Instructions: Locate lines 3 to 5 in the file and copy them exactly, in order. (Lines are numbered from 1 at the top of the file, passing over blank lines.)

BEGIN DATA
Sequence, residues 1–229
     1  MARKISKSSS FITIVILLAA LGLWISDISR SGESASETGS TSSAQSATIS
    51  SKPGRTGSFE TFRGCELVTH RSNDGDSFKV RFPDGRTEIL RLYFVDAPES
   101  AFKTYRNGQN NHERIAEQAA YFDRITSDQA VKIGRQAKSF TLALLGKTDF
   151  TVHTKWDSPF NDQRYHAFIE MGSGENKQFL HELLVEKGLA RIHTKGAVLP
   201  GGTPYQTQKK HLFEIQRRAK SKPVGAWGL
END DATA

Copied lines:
    51  SKPGRTGSFE TFRGCELVTH RSNDGDSFKV RFPDGRTEIL RLYFVDAPES
   101  AFKTYRNGQN NHERIAEQAA YFDRITSDQA VKIGRQAKSF TLALLGKTDF
   151  TVHTKWDSPF NDQRYHAFIE MGSGENKQFL HELLVEKGLA RIHTKGAVLP